I hold a mixed opinion of Peter Molyneux when I think of him, which is rarely. After getting excited for, and being let down by, Black & White, I generally avoided his games and his grandiose promises-slash-lies. I appreciate the vision and ambition, but I saw people getting burned too often on the lack of carry-through. And that whole Godus episode last year gave me a severe case of the stay-aways.
Yet the man is still making games, and one of them happened to make its way on my iPad this past week. It’s called The Trail, a walking simulator-meets-Minecraft that kind of came out of nowhere. It was a free download (that’s how they get you, kids!) and so I thought, why not? A few hours later, and I found myself really relaxing into the groove of this game.
At the start of The Trail, your character steps off a boat into the “New World” to make his or her fame and fortune. The initial destination is a town about 15 miles or so away, and so the trek begins down a winding, linear trail. While you control your character’s walking speed, you can’t turn back or head off the trail — it’s forward or stop altogether. Every so often you come across a campfire, where your character replenishes his stamina and you can engage in various activities.
So once you get through the tutorial, the flow of the game is this:
- Walking: You make sure you don’t go too fast so that you run out of energy while collecting materials, chopping down trees, killing rabbits, and admiring the environment as it scrolls by.
- Camp: You craft goods, trade with others, accept/complete quests, replenish stamina, and try to ignore the cash shop balloon that wanders by.
The sense of journey and progression is real and compelling, like you’re on a very slow road trip through the wilderness and different types of biomes. The cel-shaded look is pretty and the time spent between camps isn’t too long or too short. There’s a good pace of this game as you flip back and forth between stages, plus you can always go back to previous camps if you want to re-walk portions of the trail for money and supplies.
There’s a lot to like here, especially if you’re just in it for a mellow, relaxing experience. But it’s not a perfect game — and that’s before the free-to-play penalties start coming in later on (or so I heard). Probably the biggest issue I have with it is the game’s UI and controls.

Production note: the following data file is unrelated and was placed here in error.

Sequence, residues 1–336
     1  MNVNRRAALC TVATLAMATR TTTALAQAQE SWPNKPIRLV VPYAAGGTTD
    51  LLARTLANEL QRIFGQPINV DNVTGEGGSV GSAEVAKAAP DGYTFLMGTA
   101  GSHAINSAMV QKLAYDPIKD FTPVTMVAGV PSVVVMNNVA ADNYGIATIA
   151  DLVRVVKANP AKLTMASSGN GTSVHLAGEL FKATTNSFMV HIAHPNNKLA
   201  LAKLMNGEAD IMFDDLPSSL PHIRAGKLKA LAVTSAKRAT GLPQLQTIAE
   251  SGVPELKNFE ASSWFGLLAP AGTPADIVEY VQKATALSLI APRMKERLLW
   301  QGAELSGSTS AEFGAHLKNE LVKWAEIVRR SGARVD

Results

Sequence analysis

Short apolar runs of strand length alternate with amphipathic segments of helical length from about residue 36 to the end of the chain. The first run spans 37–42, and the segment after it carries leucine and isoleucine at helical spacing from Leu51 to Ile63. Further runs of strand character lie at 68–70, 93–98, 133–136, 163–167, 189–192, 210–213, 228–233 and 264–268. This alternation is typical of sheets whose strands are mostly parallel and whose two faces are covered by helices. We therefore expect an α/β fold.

Everything is “swipe this” and “swipe that” instead of button pressing, and the game doesn’t always recognize my swipes or allow me to move particular objects easily. Chopping down trees is onerous if the game doesn’t acknowledge a slice, but what’s far worse is your backpack.
Your backpack — your main source of storage — is just a bag in which physics-affected objects are dumped in. Nothing is organized; it’s just a jumble of stuff that starts spilling out all over the place very easily. It’s bad enough trying to grab everything you want to while you’re working, but this pack is a nightmare when you’re crafting or trying to unload certain items for the time-limited trading mini-game. Again, the game doesn’t always recognize your taps and swipes, forcing you to do them a couple times per object every so often.
I would rather a grid, with objects snapping cleanly and neatly into place. I’m also not a fan of the durability system, in which your clothes, tools, and pack gradually wear down. You have to be forever making new stuff on the fly, a process that’s exacerbated by the limited and wonky storage space.
That’s a lot of complaints and I think they need to be said. Still, I’m not deleting it yet, and The Trail was a source of family enjoyment as we crowded around the tablet, pointed out the scenery, and engaged in the journey together. I’m curious where my character is going and how it might feel if he got some more durable gear going. We’ll see, but that’s what I was playing for my Try-It Tuesday experiment!